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Stabilizing Families and Supporting Mental Wellness in a Pandemic

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By The Family Centre 

Family Centre responded to the pandemic by encouraging and promoting a ‘Mentally Healthy Bermuda’. 

In the early stages of the pandemic, our focus was on helping families to immediately access resources to meet their basic needs such as food and the technology needed to stay connected to the rest of the world during lockdown. 

Our therapeutic services remained accessible as we moved them to a virtual platform and provided public messages to our community that we were still providing help to children and their families during this unprecedented and stressful time. We actively used our social media forums to advise the community of the local resources available to assist them. 

Family Centre also provided a counsellor to assist individuals in crisis on the Government of Bermuda’s Emotional Wellbeing Hotline. 

Family Centre was designated as an essential service with the support of the Third Sector Coordinated Crisis Response (CCRE) and other remarkable individuals, families, and corporate donors who specifically gave funds to support children and families in need because of the pandemic. This support was critical to putting food on the tables of many families in our programmes and services as well as access to the technology needed to stay connected with us, the local media and with their children’s schools. 

The therapeutic team at Family Centre developed and launched the 5C Challenge. The challenge promoted wellness by encouraging families to practice the “5 Cs” (Connecting, Calming, Cooking, Creating and Caring) for physical and emotional wellbeing. 

Family Centre produced and aired on Bermuda Broadcasting Station a televised Mental Health Panel featuring local partners with expertise in different areas of emotional wellbeing. The panel was moderated by our Executive Director, Dr Sandy De Silva, who is also a Registered Clinical Psychologist. The panel discussion covered mental health matters related to children, adults, couples, and families, as well as addictions and employer-employee related matters.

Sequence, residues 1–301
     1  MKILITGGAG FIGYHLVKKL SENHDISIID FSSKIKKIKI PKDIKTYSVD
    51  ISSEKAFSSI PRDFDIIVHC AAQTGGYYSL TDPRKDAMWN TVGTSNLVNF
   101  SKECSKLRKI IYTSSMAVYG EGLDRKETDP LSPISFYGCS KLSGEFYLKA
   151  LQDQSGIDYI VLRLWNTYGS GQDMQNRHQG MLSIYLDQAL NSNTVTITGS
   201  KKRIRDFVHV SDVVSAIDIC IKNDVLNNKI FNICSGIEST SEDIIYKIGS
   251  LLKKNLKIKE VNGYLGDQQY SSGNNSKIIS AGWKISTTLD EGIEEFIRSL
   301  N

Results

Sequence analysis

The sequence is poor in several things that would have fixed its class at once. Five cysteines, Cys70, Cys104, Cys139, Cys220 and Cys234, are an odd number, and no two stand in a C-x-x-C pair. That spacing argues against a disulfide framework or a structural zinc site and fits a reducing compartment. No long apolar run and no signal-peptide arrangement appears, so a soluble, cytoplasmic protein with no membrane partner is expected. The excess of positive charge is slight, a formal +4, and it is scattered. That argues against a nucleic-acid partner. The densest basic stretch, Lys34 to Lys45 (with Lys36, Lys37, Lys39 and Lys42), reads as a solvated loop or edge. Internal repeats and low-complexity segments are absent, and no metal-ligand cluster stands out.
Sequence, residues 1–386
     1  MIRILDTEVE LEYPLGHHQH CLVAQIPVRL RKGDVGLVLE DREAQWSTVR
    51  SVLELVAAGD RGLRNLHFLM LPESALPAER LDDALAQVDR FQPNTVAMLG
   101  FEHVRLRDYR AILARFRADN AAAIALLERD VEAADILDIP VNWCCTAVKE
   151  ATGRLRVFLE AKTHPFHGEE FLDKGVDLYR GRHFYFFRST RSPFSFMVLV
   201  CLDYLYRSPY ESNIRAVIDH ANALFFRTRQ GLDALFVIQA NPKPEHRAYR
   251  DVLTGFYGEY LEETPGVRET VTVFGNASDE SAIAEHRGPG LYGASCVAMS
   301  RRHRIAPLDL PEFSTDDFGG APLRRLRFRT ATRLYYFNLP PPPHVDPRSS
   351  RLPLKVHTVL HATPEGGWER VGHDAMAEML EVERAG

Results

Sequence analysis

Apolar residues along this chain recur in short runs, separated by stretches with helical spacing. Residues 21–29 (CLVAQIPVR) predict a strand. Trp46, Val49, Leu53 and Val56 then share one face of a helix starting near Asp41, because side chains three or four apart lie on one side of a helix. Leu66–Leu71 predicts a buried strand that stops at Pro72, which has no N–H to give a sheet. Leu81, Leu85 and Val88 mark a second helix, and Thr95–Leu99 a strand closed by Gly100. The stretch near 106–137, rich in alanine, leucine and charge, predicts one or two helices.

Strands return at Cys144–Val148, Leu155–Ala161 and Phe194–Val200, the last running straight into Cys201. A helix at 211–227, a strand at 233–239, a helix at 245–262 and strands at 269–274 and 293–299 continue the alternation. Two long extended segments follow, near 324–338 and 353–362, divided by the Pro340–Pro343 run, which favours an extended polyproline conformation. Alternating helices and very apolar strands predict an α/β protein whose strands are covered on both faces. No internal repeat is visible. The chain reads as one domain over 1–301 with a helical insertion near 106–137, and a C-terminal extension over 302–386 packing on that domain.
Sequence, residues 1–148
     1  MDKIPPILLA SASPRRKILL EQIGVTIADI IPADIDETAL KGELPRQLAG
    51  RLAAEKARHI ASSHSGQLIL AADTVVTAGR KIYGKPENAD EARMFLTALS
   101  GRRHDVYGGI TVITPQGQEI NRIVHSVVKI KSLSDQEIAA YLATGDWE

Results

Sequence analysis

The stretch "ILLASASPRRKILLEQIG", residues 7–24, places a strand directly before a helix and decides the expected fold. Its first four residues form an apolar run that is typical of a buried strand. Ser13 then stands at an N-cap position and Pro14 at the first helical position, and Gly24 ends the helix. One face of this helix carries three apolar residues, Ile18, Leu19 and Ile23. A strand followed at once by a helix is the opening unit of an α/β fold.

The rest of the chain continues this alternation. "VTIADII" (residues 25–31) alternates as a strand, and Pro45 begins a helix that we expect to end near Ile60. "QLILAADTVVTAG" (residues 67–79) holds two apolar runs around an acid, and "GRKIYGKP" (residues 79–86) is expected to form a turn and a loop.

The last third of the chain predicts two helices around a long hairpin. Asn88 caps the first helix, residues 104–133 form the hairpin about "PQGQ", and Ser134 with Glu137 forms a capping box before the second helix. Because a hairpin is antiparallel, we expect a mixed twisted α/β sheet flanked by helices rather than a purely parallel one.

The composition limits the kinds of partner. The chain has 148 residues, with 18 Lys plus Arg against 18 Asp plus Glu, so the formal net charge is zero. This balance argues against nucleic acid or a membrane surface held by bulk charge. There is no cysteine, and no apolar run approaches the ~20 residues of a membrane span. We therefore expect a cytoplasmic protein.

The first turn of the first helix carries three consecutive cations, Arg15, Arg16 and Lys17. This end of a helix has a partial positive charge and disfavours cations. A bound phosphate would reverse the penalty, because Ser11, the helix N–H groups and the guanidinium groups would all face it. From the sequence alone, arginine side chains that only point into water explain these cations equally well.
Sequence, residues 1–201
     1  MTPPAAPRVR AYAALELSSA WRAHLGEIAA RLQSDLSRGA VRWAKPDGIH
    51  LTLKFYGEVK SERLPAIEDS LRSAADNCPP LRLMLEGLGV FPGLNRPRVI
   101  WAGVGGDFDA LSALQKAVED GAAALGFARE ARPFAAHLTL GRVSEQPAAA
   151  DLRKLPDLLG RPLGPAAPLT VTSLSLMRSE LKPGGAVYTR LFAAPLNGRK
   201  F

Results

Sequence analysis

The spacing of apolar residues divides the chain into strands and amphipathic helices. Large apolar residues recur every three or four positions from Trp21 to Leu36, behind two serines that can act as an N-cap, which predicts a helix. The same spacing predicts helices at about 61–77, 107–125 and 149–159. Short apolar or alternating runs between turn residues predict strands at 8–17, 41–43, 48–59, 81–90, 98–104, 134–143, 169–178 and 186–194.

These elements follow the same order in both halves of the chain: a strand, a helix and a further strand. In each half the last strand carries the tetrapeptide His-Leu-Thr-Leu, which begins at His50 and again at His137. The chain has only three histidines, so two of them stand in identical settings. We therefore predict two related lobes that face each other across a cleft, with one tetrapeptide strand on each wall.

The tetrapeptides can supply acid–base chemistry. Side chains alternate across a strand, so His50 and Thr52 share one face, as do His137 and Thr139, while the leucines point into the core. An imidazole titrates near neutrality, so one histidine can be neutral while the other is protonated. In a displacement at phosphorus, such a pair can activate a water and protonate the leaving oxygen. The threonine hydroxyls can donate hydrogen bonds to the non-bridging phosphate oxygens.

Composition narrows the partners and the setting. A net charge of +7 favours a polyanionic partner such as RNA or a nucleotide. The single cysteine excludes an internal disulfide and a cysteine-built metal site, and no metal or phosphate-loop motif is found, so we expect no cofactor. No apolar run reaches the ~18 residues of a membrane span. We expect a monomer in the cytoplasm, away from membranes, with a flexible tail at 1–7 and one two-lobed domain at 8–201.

Family Centre continued its community awareness campaign on the impact of domestic abuse on children given the rise of domestic violence during lockdown. Information was placed on grocery carts and local television reminding adults to stop and think about the impact of their actions on the often-ignored victims of domestic abuse which are the children in background. 

We honoured World Children’s Day in November inviting primary schools, friends of Family Centre, partners, and donors to celebrate the day by wearing blue and bringing awareness to children’s rights. 

The international call to action this year was to “reimagine a better future for every child.” While children in our community and around the world may not be the “face” of the Coronavirus, they are at risk of becoming its hidden victims. 

The global increase in violence is a disturbing indicator that many young people aged 18 and under have experienced some form of early life trauma in any of the many forms of violence during the continuing pandemic. Family Centre is committed to ensure that World Children’s Day serves as a reminder of our common responsibility to protect the rights and well-being of all children, especially the children in our own community. 

Throughout the pandemic, free Counselling Services were provided to children and their families on confidential telehealth platforms. We continued to accept new clients for counselling. 

Our Community Programmes were also delivered remotely to the youth and their families enrolled in our Youth Leadership Academy and Beyond Rugby programmes. Family Centre continued our advocacy work with our Family Forum community group and partners especially in critical spaces such as the Youth Development Zone. 

As of July 1, 2020, we returned to in-person delivery of programmes and services at Sunshine League House. With strict adherence to the Government’s COVID-19 Guidelines, we held our children’s specialized camps, youth summer projects and commenced in-person counselling services. 

As the impact of the COVID-19 pandemic has taken its toll on family life and the wellbeing of children, it is clear Family Centre’s services and programmes are needed now more than ever. Already there is an increase in demand for mental health services in Bermuda. 

We are encouraged that families are putting up their hands to receive the help they need rather than suffer in silence. Our programmes and services are provided at no cost to families, thanks to dedicated and generous private and corporate donors who are working to ensure that Bermuda’s families remain supported. 

For more information on Family Centre Programmes and Services please visit www.tfc.bm or email us at [email protected] or call us at 232-1116. 

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